Traffic between the ports of Mwanza in Tanzania and Port Bell in Uganda is on the rise following the refurbishment of MV Kaawa. This affirms the ever increasing need for water infrastructure.

MV Amani ferry is also operating between Portbell (Kampala capital city of Uganda) and Ssese Islands of Lake Victoria Uganda. The current scheduled runs are on Fridays, Saturdays, Sundays and Mondays.

While commissioning the MV Kaawa ferry recently, Eng Abraham Byandala, the minister of Works and Transport, said the rehabilitation of the ferry sought to create a reliable water link with Tanzania, one of Uganda's major trading partners.

Uganda's water transport has suffered over the years, grounding most of the ferries due to old age.

The sector looking to benefit from the increased activity in the aviation and water transport sub sectors is tourism.

At the beginning of 2012, Lonely Planet named Uganda as the best tourist destination. Uganda emerged number one out of 10 other countries surveyed, followed by Myanmar (Burma), Ukraine, Denmark, Bhutan, Cuba, New Caledonia, Taiwan and Switzerland.

Having a good water transport network and infrastructure as well as a well functioning aviation sub sector would go a long way in boosting the tourism industry.

Some of the best tourist sites in Uganda include: Bwindi Impenetrable national park, the source of River Nile, the Great escarpment of the Western Rift Valley, Lake Mburo National Park, the Uganda Museum, Kitagata Hot Springs in Western Uganda, the Mountains of the moon and many other interesting sites.

Towards the end of 2012, National Geographic also named Uganda among the top 20 global tourism destinations in the year 2013.The National Geographic is an international travel channel affiliated to the National Geographic Society.

National Geographic recommends a number of books and documentaries to watch about Uganda including Gifted by nature and The Last King of Scotland.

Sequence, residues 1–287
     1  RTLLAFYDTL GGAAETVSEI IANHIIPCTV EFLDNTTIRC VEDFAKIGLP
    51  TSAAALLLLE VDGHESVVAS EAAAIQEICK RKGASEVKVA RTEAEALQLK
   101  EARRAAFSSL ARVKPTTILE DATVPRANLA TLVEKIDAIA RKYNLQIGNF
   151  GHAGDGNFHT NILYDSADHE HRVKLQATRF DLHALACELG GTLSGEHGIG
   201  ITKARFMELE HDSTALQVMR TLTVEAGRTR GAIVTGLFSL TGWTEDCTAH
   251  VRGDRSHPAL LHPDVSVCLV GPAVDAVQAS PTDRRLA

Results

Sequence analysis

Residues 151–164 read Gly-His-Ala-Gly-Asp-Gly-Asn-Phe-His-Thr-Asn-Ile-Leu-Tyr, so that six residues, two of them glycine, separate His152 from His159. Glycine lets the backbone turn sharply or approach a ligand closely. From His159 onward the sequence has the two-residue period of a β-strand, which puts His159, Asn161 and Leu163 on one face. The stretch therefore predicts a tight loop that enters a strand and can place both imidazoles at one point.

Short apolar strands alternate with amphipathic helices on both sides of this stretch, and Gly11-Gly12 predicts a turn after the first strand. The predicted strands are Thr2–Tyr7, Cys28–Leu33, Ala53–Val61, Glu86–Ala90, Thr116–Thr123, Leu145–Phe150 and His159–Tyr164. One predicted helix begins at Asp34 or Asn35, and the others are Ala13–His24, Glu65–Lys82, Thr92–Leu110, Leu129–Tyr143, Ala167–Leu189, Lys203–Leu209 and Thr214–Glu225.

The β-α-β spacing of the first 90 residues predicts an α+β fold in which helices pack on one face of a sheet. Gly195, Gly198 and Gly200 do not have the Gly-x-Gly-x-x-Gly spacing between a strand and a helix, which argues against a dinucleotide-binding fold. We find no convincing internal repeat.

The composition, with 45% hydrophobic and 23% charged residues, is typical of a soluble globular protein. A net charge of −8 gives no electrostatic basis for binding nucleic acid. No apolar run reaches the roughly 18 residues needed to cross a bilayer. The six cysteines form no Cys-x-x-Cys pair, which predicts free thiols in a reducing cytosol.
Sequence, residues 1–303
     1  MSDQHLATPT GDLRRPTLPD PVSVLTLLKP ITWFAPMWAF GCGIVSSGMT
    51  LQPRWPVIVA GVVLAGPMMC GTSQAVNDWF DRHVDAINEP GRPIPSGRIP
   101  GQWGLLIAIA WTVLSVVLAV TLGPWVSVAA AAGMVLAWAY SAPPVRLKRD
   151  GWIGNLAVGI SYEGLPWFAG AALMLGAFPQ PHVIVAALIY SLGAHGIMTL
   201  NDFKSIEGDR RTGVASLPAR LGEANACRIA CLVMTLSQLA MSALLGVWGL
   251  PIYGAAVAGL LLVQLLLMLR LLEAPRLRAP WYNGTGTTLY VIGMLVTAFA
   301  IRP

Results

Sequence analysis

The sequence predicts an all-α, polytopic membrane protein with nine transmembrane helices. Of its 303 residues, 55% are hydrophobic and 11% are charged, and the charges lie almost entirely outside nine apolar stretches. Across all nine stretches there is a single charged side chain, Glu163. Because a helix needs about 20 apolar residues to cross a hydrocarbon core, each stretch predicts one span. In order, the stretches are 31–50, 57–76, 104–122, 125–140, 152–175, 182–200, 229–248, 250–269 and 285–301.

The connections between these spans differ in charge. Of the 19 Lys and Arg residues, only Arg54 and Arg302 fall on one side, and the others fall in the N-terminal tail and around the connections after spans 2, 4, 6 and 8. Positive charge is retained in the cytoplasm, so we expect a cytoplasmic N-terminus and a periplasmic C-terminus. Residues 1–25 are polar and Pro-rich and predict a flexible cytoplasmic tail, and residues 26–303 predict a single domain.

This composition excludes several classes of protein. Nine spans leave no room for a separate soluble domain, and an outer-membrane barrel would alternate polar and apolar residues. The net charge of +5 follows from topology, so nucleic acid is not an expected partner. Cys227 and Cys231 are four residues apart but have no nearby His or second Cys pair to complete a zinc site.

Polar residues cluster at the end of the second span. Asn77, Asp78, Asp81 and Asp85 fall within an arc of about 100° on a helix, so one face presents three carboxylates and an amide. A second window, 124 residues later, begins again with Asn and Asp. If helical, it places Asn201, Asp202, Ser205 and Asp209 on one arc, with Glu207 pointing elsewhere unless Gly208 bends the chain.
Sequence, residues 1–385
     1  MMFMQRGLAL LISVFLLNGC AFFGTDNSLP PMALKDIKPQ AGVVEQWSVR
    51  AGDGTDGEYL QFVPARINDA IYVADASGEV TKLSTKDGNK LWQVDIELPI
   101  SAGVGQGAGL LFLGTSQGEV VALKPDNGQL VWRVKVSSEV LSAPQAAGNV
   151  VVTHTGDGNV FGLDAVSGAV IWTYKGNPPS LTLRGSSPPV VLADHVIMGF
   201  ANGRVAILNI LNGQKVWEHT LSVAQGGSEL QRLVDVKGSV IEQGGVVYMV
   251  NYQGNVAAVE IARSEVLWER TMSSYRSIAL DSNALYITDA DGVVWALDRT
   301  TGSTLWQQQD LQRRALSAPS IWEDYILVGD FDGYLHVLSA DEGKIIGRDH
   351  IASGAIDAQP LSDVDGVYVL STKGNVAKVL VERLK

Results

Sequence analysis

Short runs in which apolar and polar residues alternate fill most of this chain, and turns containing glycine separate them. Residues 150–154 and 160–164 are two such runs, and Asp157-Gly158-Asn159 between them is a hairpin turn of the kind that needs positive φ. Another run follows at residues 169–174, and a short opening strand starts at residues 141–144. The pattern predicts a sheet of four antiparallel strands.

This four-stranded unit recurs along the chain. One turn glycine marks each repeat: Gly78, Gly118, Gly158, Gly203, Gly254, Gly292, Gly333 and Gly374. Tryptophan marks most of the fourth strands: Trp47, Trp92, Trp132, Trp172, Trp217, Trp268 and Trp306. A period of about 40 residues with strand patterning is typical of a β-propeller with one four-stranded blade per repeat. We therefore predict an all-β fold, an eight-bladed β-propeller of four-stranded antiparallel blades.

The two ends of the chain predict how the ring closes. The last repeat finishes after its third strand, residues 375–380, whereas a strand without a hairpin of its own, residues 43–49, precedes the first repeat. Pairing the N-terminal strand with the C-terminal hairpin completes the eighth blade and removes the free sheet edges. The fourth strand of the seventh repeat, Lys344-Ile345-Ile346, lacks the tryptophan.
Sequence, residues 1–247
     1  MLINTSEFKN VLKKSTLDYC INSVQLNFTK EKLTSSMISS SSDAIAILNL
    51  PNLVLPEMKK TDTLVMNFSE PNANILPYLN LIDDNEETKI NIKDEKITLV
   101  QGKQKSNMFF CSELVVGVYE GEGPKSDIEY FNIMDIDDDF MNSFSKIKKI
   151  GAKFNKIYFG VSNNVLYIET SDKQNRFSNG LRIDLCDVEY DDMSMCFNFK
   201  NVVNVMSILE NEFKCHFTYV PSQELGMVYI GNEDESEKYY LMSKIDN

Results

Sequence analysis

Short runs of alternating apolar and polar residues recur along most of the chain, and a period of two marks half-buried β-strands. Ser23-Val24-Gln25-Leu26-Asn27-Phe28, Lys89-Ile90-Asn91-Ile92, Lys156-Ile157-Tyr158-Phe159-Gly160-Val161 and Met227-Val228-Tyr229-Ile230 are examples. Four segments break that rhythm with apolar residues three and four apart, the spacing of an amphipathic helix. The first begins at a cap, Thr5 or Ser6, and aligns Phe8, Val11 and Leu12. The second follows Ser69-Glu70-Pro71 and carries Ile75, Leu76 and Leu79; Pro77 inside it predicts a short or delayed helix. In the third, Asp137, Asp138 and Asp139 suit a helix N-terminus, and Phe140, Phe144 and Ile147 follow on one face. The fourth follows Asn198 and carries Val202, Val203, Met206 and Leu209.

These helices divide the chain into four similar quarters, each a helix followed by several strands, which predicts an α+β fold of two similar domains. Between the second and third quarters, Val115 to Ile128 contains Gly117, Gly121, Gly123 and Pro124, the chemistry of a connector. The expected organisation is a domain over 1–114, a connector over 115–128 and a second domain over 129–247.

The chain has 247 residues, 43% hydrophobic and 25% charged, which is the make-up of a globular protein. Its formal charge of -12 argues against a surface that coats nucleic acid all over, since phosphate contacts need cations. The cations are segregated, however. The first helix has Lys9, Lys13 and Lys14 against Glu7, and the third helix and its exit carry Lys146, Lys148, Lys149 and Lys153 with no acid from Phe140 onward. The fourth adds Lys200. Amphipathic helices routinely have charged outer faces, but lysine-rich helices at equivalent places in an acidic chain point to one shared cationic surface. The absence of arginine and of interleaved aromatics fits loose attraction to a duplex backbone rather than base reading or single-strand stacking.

During the year, the Uganda National Roads Authority (UNRA) announced that the Karamoja region whose roads become impassable during the rainy season was going to receive its first tarmac road.

Construction of the 93.3km Moroto - Nakapiripirit highway is expected to commence in 2013 and will be a welcome relief to businessmen who have been spending days on the road as a result of the impassable roads.

According to Eng. Abraham Byandala, the Minister of Works and Transport the project will cost Ush184b ($7.7m) and will take a duration of 36 months and will trigger the development of other social infrastructure like hotels and lodges in the area.

Other projects completed during the year included the 155 km Masaka - Mbarara reconstruct of road including construction of climbing lanes and improvement of dangerous bends. Execution of the works started in January 2008 and completion is presently foreseen around the middle of 2012.

The commissioning of the Entebbe express Highway also took place in November and compensation of families that reside in the area also commenced.

Expansion of the Kampala Northern bypass into a dual carriage is also expected to start in a few months and 60m Euros has been earmarked for the expansion of the Kampala Northern By-Pass and the Mbarara By-Pass in Western Uganda while another 10m Euros will be used on compensating people who will be relocated in process.

The railway network is also being improved by the Rift Valley Railways (RVR) though media reports recently indicated that Kenya had inked a secret deal with China to construct a new standard gauge railway line.

This would mean that naturally, Uganda -- one of the biggest users of the Mombasa Port -- as well as Rwanda and Burundi, will be following the dealings between China and Kenya closely.

The viability of the new standard gauge railway is based on the assumption that it will be part of a seamless system connecting Kenya and Uganda, and also serving landlocked Rwanda and Burundi.

According to the reports the new deal will have far-reaching implications for the existing concession agreed to with Rift Valley Railway in both Uganda and Kenya.

Under the current agreement, RVR's interests are guaranteed by clauses that stipulate that the governments of Kenya and Uganda cannot -- during the tenure of the concession -- introduce changes that jeopardise RVR's profitability.

Meanwhile, Tanzania and Uganda have been seeking to expedite the construction of Tanga-Musoma railway line through the Central corridor in Tanzania to link Tanga and Dar es Salaam ports.

The FY2012/13 budget also allocated Ush1.6trillion up from the previous Ush1.2 trillion.